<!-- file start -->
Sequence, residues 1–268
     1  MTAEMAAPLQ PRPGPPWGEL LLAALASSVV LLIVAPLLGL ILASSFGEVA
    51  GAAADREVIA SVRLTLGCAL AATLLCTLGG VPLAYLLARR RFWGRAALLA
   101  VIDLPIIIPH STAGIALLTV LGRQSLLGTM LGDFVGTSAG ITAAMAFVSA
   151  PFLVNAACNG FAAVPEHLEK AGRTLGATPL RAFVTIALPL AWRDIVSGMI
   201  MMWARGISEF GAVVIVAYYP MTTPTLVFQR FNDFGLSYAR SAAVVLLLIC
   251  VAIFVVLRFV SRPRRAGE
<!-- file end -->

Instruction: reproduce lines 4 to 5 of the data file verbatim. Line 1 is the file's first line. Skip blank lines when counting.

   101  VIDLPIIIPH STAGIALLTV LGRQSLLGTM LGDFVGTSAG ITAAMAFVSA
   151  PFLVNAACNG FAAVPEHLEK AGRTLGATPL RAFVTIALPL AWRDIVSGMI